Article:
Do you think eating ‘Vegan’ is healthy? It is now more popular than any time in history.
Vegan fairs happen in every town or city regularly. products now have ‘Vegan’ friendly labels. Many celebrities and fitness gurus are vegan.
There are many reasons not to eat animal products, animal cruelty is one of the big motivators and the origins of the term coined in 1944 by Donald Watson, UK.
I want to talk about the health issues. And there are two main elephants in the room. One is sugar and the other protein.
Let’s sort out the protein issue: first, we only need 10% of our food intake to supply the body with enough protein. This will cover all cell regeneration throughout the body. This is true for meat based diet too.
The same old question – where does a vegan get their protein? You will see many Youtubers talking about this but they never answer. It is simple. We need three main ingredients, Vegetables, Beans/legumes and grains. The levels of different amino acids in these foods combine to make complete proteins.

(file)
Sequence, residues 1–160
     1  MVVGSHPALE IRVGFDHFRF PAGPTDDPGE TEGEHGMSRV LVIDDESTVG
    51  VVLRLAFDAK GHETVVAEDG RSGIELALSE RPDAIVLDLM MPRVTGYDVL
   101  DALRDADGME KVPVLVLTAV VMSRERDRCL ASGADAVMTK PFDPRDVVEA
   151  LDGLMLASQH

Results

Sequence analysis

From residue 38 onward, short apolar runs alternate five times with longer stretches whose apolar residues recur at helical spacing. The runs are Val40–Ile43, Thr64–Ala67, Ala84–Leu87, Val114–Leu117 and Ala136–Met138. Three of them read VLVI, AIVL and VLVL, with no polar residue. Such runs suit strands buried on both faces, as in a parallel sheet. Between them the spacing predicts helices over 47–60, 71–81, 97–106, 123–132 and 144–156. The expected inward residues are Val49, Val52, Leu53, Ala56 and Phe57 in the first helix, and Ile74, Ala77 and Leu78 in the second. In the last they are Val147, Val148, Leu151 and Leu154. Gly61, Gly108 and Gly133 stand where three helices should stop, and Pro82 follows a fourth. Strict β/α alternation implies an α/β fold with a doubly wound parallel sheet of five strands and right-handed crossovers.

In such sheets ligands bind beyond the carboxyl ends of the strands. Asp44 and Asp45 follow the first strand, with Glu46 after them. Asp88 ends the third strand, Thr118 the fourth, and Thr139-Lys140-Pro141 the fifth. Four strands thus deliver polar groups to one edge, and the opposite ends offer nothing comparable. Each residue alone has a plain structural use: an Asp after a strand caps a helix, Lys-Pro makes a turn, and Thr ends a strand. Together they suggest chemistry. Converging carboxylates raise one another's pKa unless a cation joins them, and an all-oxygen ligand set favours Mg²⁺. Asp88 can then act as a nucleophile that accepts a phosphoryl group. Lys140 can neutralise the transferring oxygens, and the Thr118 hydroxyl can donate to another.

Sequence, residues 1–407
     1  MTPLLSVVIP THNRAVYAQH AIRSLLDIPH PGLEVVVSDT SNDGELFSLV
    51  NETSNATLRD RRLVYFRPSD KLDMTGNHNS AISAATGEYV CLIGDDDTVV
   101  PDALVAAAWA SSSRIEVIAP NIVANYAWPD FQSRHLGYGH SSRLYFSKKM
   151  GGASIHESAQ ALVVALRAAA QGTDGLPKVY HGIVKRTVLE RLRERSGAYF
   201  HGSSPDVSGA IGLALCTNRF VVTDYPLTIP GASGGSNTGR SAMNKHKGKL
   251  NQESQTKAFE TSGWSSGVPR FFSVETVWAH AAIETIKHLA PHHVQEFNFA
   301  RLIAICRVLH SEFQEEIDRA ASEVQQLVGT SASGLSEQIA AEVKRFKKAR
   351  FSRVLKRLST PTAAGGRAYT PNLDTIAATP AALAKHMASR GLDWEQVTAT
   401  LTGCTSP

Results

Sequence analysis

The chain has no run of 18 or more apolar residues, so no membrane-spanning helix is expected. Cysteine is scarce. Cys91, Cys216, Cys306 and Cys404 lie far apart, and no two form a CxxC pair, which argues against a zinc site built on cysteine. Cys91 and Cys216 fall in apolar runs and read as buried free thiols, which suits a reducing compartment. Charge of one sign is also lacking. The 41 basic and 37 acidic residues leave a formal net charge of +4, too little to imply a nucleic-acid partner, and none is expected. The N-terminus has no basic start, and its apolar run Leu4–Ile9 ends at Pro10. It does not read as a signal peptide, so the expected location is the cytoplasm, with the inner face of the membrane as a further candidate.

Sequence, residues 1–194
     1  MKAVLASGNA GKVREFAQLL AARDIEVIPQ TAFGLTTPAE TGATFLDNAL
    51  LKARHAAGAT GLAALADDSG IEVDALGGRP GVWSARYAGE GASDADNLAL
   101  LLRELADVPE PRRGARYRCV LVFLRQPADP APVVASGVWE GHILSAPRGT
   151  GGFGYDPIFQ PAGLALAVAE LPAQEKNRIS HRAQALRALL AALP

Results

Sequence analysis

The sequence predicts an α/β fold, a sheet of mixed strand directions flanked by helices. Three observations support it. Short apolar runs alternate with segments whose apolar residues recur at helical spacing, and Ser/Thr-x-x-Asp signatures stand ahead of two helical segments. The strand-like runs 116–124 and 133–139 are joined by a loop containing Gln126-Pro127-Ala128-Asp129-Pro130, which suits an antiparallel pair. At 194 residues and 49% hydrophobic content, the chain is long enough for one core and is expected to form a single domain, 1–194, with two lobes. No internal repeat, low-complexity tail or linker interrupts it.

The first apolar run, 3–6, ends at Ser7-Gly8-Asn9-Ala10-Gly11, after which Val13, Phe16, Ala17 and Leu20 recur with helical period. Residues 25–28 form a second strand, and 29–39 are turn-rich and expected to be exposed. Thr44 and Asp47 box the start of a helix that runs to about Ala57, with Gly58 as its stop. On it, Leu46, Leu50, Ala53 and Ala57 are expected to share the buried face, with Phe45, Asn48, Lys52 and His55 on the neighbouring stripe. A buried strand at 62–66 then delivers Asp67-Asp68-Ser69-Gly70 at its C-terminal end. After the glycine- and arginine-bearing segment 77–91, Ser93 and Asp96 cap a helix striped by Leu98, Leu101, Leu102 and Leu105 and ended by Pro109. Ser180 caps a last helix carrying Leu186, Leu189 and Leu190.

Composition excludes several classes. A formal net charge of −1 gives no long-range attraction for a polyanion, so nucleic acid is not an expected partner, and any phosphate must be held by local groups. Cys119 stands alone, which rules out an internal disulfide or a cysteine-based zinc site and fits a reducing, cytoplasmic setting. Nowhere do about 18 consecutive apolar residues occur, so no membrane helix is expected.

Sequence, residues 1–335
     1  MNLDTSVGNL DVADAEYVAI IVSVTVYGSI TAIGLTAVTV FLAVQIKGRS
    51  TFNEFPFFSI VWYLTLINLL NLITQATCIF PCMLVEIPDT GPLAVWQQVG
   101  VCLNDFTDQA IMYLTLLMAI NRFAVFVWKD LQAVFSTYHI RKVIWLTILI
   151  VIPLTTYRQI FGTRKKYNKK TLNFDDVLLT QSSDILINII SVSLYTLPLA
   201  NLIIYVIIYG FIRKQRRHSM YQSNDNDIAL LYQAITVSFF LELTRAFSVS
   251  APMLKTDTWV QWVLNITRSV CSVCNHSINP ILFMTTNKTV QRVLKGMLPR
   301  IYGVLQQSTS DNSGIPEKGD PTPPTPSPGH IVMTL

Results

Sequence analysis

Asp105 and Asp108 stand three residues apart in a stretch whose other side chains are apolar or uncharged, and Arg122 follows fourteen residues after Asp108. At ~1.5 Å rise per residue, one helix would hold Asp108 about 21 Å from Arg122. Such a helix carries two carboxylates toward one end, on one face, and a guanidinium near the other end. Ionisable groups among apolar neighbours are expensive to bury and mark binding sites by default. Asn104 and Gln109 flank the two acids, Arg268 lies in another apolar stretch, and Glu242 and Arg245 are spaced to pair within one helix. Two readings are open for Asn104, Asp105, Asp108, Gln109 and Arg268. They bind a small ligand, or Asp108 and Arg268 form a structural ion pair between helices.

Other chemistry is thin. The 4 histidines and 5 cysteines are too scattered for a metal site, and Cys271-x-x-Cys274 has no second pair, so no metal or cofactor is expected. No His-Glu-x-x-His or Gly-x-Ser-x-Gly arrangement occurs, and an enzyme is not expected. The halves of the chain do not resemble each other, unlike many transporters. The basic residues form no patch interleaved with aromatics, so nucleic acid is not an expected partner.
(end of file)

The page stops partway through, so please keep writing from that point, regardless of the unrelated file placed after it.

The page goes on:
During the day you can combine an infinite variety to easily cover protein intake.
Eating a ‘vegan’ diet can be the healthiest way to live, higher fibre, being a key factor. However, not everybody is getting it right.
The enormous elephant in the ‘Vegan Fair’ room, is the cup cake – why? Because it has a lot of sugar. This raises insulin, and any glucose (sugar) in the blood not used for energy, muscles and brain, will get stored as – FAT
I would like to see more information out there in the vegan world about the three simple ingredients that will keep us healthy and reduce animal cruelty.
Vegetables – Beans/legumes – grains
Keep it simple but not simple sugars
If you are attending a vegan fair this summer, keep an eye on sugar levels, my guide is no more than 5g per 100g.
I don’t call myself a ‘vegan’. The word has too many stigmas and miss-information. My diet is 95% plant based, veg, beans, grains, I include some egg and occasional sea food or meat. Health is my main concern, and when in winter our bodies may need the warming properties of these animal foods.
Let’s all be responsible for reading labels, eating lots of vegetables and avoiding overeating animal proteins and processed foods, whether ‘vegan’ or not keep an eye on the amount of sugar and other ingredients such as palm oils, salt and e-numbers. Try to eat food that is as close to its original state to get the nutritional benefits.
Thanks for reading.